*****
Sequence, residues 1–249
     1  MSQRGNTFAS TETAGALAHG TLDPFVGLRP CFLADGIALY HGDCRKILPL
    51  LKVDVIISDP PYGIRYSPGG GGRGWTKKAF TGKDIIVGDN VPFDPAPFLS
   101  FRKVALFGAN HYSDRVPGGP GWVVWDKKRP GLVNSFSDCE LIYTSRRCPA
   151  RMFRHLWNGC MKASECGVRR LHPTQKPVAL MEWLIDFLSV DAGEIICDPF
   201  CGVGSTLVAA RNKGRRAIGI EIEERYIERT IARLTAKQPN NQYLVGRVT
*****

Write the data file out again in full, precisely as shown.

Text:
Sequence, residues 1–249
     1  MSQRGNTFAS TETAGALAHG TLDPFVGLRP CFLADGIALY HGDCRKILPL
    51  LKVDVIISDP PYGIRYSPGG GGRGWTKKAF TGKDIIVGDN VPFDPAPFLS
   101  FRKVALFGAN HYSDRVPGGP GWVVWDKKRP GLVNSFSDCE LIYTSRRCPA
   151  RMFRHLWNGC MKASECGVRR LHPTQKPVAL MEWLIDFLSV DAGEIICDPF
   201  CGVGSTLVAA RNKGRRAIGI EIEERYIERT IARLTAKQPN NQYLVGRVT